United States: Six Key Takeaways From ICANN 56 In Helsinki

ICANN 56, the most recent public meeting of the nonprofit Internet Corporation for Assigned Names and Numbers, was held in Helsinki, Finland, in June 2016. In examining the proceedings, our Internet practice has identified the following six takeaways, covering a range of topics that should be of interest to brand owners, future applicants for generic top-level domains (gTLDs) and registry operators alike.

1. Community Moves Ahead on Accountability "Work Stream 2," Focusing on "Jurisdictional" Issues

A Cross Community Working Group has been working on a number of issues related to increasing ICANN's accountability to the community after the "IANA function" transitions away from US government oversight. One such issue is ICANN's commitment, including in its bylaws, to remaining headquartered in the United States and subject to US jurisdiction. Several working group participants attempted to re-open this question in an effort to subvert the decision to keep ICANN operating in the United States under California law.

Given that litigation against ICANN in the United States is an accountability mechanism of last resort for US businesses and brand owners, commercial stakeholder representatives have been attempting to counterbalance these early inflammatory comments and re-focus discussions on other issue. The team discussing these matters has not yet held its first formal meeting, so it remains to be seen whether the controversy around ICANN's jurisdiction will resurface.

2. Working Group Pushes Ahead in Developing Rules of the Road for Future gTLD Launches

Debate on what rules should apply to future launches of new gTLDs (known as the "Subsequent Procedures Working Group") continues on a number of threshold issues, including whether future new gTLD applications should continue in discrete rounds or whether some form of ongoing open rolling application process should become the standard. The group also discussed whether there should be a separate, and possibly early, application track for .Brand TLDs—although many have cautioned that setting up a priority track could incentivize gaming. Ultimately, with few issues apparently conducive to quick community consensus, we continue to anticipate a long, drawn-out process to review and revise new gTLD policy and implementation issues, with the next opportunity for additional gTLD applications not likely until 2018 or later.

3. Efforts to Devise a New Domain Name Registration Directory Service Focus on Critical Issues for Brand Owners

Access to accurate domain name registration data is critical for brand owners seeking to enforce trademark rights against counterfeiters, cybersquatters and infringers operating online, as well as to counter online fraud and abuse.

An ICANN Working Group is considering the possibility of a new registration data system (known as the Next-Generation Registration Directory Service, or "RDS," which is likely to give greater consideration to national privacy and data protection laws and could, therefore, present a huge hurdle for brand owners who enjoy free and easy access to such data under today's WHOIS system. The Working Group is considering the possibility of "gated access" to registration data, which could range from a fairly lightweight mechanism requiring a username and password to access such data or a much more restricted system that might require a court order or similar legal process before registration data would be made available.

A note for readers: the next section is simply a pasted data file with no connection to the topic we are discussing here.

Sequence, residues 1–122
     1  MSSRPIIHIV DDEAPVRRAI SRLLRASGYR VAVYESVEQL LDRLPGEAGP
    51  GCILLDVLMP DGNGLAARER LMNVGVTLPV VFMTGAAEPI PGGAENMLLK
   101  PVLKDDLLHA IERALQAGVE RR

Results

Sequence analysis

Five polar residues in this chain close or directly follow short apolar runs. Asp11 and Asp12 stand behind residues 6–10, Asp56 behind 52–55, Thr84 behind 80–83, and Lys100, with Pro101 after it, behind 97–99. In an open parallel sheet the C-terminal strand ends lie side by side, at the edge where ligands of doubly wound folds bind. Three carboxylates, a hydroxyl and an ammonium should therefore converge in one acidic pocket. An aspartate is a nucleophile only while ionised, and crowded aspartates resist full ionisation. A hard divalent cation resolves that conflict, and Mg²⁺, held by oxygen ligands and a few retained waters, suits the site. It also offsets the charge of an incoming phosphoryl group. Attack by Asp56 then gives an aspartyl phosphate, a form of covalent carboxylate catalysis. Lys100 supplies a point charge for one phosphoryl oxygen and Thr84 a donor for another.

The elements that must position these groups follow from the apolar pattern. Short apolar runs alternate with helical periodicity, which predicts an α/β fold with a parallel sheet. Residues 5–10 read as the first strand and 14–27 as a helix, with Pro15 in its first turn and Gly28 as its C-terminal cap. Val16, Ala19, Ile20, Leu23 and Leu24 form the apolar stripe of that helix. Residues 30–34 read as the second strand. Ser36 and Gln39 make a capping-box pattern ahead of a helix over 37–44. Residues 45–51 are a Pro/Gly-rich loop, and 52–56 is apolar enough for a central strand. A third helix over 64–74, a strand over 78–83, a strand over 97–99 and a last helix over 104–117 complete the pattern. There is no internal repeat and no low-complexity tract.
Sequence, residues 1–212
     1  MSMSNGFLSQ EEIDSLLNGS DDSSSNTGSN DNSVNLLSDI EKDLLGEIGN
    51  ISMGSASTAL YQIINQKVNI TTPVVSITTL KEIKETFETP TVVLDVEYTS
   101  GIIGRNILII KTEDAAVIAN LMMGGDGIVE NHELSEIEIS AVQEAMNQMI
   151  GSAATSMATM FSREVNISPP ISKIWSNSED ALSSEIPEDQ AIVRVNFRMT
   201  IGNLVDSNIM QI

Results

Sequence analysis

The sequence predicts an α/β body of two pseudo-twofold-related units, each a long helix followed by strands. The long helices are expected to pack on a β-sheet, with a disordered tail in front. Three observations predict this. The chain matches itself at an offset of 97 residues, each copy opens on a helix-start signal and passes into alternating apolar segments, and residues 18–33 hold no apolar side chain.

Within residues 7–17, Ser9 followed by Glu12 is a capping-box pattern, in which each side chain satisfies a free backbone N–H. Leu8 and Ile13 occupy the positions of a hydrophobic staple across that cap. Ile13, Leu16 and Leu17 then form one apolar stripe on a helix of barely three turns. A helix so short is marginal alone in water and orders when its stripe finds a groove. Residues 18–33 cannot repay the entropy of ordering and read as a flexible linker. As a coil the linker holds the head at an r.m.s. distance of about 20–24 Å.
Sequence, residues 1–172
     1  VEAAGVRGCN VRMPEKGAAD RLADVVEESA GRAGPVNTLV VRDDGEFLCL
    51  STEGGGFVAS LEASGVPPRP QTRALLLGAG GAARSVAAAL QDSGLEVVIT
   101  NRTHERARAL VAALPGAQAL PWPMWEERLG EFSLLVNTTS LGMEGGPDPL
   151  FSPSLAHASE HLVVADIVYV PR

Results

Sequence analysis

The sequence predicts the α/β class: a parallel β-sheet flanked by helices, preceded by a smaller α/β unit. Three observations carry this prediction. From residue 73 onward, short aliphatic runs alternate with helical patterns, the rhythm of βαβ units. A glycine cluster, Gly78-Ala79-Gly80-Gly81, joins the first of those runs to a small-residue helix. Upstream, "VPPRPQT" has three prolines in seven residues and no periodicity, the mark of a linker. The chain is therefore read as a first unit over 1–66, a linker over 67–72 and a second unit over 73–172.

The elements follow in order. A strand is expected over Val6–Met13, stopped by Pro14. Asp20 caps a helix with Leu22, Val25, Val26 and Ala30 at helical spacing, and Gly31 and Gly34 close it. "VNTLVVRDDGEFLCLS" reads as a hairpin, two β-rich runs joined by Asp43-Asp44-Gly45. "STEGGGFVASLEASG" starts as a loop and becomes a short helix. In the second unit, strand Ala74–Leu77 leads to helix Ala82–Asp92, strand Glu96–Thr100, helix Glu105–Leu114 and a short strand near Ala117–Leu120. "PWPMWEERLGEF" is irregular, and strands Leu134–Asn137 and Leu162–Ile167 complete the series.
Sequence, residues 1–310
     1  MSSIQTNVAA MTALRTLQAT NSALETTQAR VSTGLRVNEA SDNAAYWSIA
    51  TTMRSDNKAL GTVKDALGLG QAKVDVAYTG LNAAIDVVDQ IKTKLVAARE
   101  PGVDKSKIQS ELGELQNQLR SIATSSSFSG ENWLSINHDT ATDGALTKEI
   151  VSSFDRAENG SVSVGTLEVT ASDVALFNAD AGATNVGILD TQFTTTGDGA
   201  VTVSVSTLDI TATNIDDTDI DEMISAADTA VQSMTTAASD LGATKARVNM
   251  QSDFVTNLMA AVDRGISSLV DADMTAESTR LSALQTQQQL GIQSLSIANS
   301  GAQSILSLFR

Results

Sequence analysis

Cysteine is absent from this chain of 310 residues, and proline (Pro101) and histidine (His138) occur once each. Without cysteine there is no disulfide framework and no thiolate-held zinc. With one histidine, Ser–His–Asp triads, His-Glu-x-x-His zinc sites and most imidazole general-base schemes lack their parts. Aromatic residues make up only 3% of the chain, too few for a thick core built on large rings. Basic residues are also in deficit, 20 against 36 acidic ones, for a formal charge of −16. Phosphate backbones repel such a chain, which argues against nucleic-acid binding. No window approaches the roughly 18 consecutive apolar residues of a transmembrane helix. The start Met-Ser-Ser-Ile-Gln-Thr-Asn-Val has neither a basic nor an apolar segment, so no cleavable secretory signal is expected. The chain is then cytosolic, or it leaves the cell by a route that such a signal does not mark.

The Working Group is still in the process of identifying possible requirements for inclusion in the new RDS and has begun collecting "use cases" to facilitate its deliberations on such requirements. The use cases should help highlight which RDS requirements will be necessary to facilitate legitimate access to the registration data (such as intellectual property enforcement) and which should be withheld to foreclose illegitimate purposes (such as harassment or cyberbullying). Brand owners will need to continue to advocate for reasonable access to the legitimate data they need to facilitate intellectual property enforcement efforts.

4. Community Comes Together to Discuss Controversial Geographic Names Issues

The ICANN community continues to debate a variety of issues related to whether various kinds of "geographic" names can serve as a top level domain (e.g., .AMAZON) and as second-level domain names (e.g., JAPAN.SHOP). Brand owners and others within the ICANN community continued to pressure the Governmental Advisory Committee (GAC) to abandon the so-called "Argentina Proposal," which proposes denying new gTLD status to any term of geographic or cultural significance (including mountains, rivers, regions, geographic indications and many other terms), without the express approval of the relevant governmental authority. The GAC continues to prevaricate in publishing a revised Proposal, likely anticipating additional community opposition that it is not prepared to counter.

A Cross-Community Working Group on Use of Country and Territory Names as TLDs (CWG-UCTN) continues to make incremental progress on a framework for the use of full country and territory names, as well as three-letter and two-letter country codes, as gTLDs. It comes as no surprise that discussion regarding two- and three-letter codes has been split between ccTLD managers who wish to continue the current prohibition against using such names as gTLDs and members from the gTLD community, who have generally advocated for the full release of all two- and three-letter names, subject to a prohibition on the co-existence of confusingly similar strings.

Finally, shortly after ICANN 56, ICANN published for public comment its proposed measures for two-letter names to avoid confusion with corresponding country codes. The proposed measures would require registry operators to implement certain "confusion mitigation" measures in order to obtain ICANN approval to release two-letter names that have been withheld to date due to government opposition. The adoption of such community-driven criteria to mitigate confusion is a positive development and should significantly ease the burden for .Brand TLD registry operators in obtaining ICANN's permission to release two-letter names at the second level.